more, they’re heading to the club nights and dance music festivals. And a lot of people are hearing the “ker-ching!” sound along with that inevitable trance breakdown.
It’s not for nothing that Guetta, for example, has been working with everyone from the Black Eyed Peas to Usher as he makes the most of this hot streak. He’s not alone – you’ll find two Swedish House Mafia productions on the new Usher album as the
r’n’b kingpin looks to cover all bases in an effort to flog some records.
For the Swedes, the concentration on the States was a no-brainer business move. “I saw that in two years’ time house is going to be massive in America,” said Steve Angello in an interview last year, “and I wanted to be one of the first guys there when it blows up. There’s huge potential. If you succeed even a little bit in America, with 300 million people, if you get into the charts with a couple of singles, you’re going to sell millions of singles. It’s going to be back to where it was a couple of years ago.
“If I’m right, and if the sales kick off there, it’s going to be absolutely massive. I’ve seen the difference already, from selling 1,000 tickets to selling 5,000 tickets for a party in just a few months.”
What producers and DJs such as Angello have noted from their forays into this brave new world – aside from some excellent pay days – is how American audiences have reacted to their music.
“The reaction is fresh; it feels like it’s a brand new thing and that you’re educating people. In Europe, people know the history because they’ve been doing it for ages. It’s a new start in America.”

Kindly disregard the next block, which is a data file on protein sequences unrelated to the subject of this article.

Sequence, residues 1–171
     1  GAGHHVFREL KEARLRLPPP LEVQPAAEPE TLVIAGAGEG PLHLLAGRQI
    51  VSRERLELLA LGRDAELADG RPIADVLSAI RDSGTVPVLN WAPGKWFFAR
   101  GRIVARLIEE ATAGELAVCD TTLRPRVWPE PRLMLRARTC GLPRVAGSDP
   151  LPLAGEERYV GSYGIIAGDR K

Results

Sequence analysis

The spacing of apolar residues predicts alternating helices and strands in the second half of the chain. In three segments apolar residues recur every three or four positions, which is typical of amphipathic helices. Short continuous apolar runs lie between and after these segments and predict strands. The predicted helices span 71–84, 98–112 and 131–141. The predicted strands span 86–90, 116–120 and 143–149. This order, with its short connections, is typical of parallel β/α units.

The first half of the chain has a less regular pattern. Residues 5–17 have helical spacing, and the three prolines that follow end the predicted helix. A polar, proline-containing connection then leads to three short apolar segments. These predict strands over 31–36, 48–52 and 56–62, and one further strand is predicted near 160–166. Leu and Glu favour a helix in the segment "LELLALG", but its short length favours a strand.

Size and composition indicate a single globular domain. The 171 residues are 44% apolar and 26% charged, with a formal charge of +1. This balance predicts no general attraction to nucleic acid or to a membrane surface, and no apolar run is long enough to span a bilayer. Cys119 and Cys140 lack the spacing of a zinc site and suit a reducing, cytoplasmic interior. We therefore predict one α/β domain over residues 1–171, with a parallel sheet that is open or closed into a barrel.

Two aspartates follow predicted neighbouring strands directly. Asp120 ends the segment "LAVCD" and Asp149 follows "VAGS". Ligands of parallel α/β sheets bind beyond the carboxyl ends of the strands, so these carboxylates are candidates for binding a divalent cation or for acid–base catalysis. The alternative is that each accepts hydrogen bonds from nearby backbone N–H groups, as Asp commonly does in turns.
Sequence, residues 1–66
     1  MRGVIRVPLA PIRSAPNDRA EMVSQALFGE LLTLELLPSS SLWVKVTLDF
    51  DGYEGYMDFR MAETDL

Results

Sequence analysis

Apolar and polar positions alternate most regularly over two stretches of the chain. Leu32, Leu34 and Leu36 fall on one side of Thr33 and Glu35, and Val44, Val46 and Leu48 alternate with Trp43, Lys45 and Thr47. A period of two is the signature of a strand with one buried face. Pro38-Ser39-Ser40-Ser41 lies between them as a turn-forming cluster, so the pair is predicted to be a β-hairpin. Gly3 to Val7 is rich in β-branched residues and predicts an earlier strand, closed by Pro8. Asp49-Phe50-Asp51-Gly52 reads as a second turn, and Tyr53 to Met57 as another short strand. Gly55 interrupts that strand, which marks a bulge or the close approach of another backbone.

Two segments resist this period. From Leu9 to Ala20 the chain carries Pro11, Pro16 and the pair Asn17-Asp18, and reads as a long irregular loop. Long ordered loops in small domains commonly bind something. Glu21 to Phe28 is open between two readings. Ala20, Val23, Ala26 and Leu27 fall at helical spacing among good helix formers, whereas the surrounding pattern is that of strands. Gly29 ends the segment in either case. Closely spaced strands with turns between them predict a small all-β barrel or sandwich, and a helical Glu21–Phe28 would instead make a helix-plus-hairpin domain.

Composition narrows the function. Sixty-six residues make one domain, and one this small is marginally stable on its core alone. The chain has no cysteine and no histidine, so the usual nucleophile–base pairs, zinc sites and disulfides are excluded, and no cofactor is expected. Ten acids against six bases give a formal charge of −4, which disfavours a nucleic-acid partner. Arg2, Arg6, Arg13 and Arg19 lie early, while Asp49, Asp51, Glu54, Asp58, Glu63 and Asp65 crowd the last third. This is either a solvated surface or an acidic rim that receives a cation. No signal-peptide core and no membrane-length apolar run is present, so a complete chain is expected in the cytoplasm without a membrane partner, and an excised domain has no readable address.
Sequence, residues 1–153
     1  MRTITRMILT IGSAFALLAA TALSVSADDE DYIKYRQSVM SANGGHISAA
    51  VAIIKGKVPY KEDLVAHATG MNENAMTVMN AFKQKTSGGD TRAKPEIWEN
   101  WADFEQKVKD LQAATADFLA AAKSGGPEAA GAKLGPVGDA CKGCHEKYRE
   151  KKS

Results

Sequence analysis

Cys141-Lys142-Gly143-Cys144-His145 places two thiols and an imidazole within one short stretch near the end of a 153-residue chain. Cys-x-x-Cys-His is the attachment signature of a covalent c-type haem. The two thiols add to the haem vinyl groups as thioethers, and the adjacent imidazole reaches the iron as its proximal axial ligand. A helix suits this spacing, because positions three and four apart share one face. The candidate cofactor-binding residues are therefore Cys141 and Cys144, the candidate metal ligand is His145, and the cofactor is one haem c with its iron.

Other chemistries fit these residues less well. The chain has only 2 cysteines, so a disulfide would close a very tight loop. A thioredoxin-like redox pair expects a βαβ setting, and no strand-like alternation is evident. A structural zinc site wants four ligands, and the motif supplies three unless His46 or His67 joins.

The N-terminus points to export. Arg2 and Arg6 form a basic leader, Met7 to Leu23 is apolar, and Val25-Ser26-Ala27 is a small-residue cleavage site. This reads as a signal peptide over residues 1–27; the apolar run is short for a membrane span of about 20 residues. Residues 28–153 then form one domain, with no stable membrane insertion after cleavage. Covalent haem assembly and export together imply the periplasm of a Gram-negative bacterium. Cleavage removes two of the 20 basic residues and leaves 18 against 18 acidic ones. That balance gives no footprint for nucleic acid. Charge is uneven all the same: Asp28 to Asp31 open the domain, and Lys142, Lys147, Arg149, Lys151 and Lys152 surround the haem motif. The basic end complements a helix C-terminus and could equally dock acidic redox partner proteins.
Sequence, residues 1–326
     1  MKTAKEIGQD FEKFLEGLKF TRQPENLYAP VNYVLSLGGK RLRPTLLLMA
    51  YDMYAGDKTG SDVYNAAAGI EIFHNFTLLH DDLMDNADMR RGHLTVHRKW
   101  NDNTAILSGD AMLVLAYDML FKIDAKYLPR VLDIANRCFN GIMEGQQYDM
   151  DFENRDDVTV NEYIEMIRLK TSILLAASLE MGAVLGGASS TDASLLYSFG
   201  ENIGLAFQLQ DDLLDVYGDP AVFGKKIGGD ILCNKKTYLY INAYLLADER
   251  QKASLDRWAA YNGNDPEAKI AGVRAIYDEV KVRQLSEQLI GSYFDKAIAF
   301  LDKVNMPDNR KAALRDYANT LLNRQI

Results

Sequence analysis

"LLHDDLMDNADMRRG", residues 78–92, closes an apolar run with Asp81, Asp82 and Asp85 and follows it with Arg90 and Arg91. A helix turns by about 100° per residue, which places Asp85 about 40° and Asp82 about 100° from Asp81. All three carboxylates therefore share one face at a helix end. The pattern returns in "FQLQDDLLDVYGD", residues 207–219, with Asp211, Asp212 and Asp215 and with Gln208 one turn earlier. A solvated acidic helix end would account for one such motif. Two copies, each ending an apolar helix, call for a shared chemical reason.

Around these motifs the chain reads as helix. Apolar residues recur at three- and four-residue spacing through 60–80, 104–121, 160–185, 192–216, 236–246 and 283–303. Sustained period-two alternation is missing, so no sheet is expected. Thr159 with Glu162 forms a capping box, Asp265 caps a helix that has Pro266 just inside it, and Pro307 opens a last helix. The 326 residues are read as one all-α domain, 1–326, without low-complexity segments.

Yet there could well be trouble to come at the mill. Some, such as US house pioneer DJ Sneak, have pointed out the irony of European acts headlining giant Stateside dance festivals playing house music, a genre which was born in the US. While there may well be an element of envy at the giant fees which acts like Guetta and co now command, the fact that they’ve succeeded with commercial takes on underground sounds has become a sore point for many.
Those snarky barbs will probably have little bearing on the thousands who flock to hear the new rock stars at play. A bigger problem may be the long-term sustainability of the scene as it becomes a business. Large corporations such as Live Nation and wealthy businessmen such as Sillerman are not investing in dance music because they’re house and trance fantatics. They’re getting involved because they see an opportunity to make a handsome profit by consolidating various small promoters, cutting costs and increasing ticket prices, just as has been the case in the livemusic sector.
And just as there are question marks over how profitable this model has been for live music, with lots of big shows and festivals struggling to sell tickets, there are also doubts about its effect on dance events. While there will be many who will take the corporate dollars, those who’ve come through the underground will continue to question the sustainability of this approach.
Will the money men hang around when trends change and something else becomes more fashionable? Is a business plan based on efficiences and cost-cutting really going to work in this often maverick environment? It’s certainly good news for the big acts such as Swedish House Mafia, Guetta, Skrillex, Tiesto and Deadmau5, but what about everyone else?
And is Katie Holmes up for doing a sequel to Go now that she has some free time on her hands? Only time will tell.
SWEDISH HOUSE MAFIA